“…but this isn’t New York City, or the Windy City, or Sin City, and we’re certainly no one’s Emerald City.
This is the Motor City – and this is what we do.”
This strategically released Chrysler advert, watched by over 111 million viewers at the 2011 Super Bowl championships, has a lot to say about Detroit’s grit and determination. It was aired just as the city – along with the rest of America – was beginning to crawl out from the financial collapse of 2008 after the bankruptcy of Chrysler and GM, two of the three carmakers that form the backbone of the American motoring industry and an integral part of the Motor City’s livelihood and cultural identity.
Detroit is still suffering from severe urban blight. In 2013, there were 78,000 abandoned structures and 66,000 abandoned lots across the city. An estimated forty percent of the city’s streetlights didn’t work. Unemployment rates, at 23.1%, rank amongst the highest in the country. This painful history can be traced decades back. Detroit has remained amongst some of the most dangerous cities in America for over twenty years running. The city has been plagued by race riots, migration, outsourcing and factory closures, unemployment, and crime rates five times higher than the national average. Car company losses and bailouts finally led to the declaration of Detroit’s bankruptcy on March 1st, 2013 – the largest municipal bankruptcy case in U.S. history. Detroit is “a town that’s been to hell and back”.
Detroit is Motown, the birthplace of the hits that changed America and with it the world, but also Eminem, Madonna, Jack White and Sufjan Stevens.. But it’s also a ghost town, around its broken centre of clustered skyscrapers and Tigers stadium.
The city’s fall from grace has been well documented. “Detropia”, a 2012 documentary by directors Heidi Ewing and Rachel Grady, is a “quietly devastating” (New York Times) ninety minutes of haunting imagery from the depths of the recession, the culmination of a deeper crisis that was brewing for decades. It paints a city on the brink of collapse where people have little left but to start a (positive) revolution. TIME ran a cover story in a similar vein in 2009, entitled ‘The Tragedy of Detroit – How a great city fell and how it can rise again’.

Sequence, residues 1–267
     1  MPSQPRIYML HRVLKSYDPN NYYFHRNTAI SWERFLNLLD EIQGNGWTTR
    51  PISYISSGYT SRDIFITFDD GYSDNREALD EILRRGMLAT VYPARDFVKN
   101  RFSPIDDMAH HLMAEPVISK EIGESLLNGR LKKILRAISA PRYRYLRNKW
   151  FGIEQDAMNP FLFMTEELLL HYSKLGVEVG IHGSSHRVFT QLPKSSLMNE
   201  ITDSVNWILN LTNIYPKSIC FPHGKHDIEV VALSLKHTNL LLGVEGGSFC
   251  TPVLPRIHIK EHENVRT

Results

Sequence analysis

Government regeneration projects are in progress, but they are slow and cripplingly expensive. Today people no longer wait around for the government to solve their problems. Instead they’re seizing the opportunity to profit off a city on the rebound.
Architecture aficionados and young professionals are snapping up property at bargain prices, including the remodeled Mies van der Rohe apartments and townhouses within the architectural gem that is the Lafayette Park complex – an unfinished urban utopia from the sixties designed to keep the middle classes within the city.
The city is coming full circle it seems, with the revitalisation of the Russell Industrial Center being one of the many urban renewal efforts seen around the city today. Designed by Detroit’s main visionary, Albert Kahn, the sprawling manufacturing facility was turned into a seven building haven for artists and small businesses, housing the largest artist community in the Midwestern region. Now an official community of over three hundred artists, it began with just a handful who first broke in over twenty years ago and claimed the deserted spaces their own.
This nerve characterises those reinventing the city. Everyone is carving out their niche amongst the urban remnants. The streets see people jogging, riding bikes, walking dogs, and running errands, just like in any other metropolis. But Detroit of course is not any other metropolis. Derelict buildings still stand like scars from an era not yet over. They remain beautiful despite their decay. In the centre of a room of the abandoned Hotel Fort Wayne grows a tree, bright green amongst the debris.